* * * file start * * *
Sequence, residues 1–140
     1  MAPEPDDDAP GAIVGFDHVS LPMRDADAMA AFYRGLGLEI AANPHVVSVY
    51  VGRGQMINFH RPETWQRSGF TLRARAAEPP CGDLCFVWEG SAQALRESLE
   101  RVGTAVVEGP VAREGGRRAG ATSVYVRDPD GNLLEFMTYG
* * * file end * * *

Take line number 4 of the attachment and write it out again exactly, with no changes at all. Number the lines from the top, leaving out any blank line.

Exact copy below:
   101  RVGTAVVEGP VAREGGRRAG ATSVYVRDPD GNLLEFMTYG